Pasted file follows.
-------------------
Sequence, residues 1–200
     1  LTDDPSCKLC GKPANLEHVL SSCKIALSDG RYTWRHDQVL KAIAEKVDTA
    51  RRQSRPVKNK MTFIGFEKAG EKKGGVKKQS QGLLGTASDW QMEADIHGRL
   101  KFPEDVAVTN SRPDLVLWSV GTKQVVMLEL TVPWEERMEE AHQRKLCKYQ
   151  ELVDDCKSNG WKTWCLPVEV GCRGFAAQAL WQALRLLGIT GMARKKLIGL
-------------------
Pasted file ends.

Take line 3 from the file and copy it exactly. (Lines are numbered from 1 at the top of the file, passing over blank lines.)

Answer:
    51  RRQSRPVKNK MTFIGFEKAG EKKGGVKKQS QGLLGTASDW QMEADIHGRL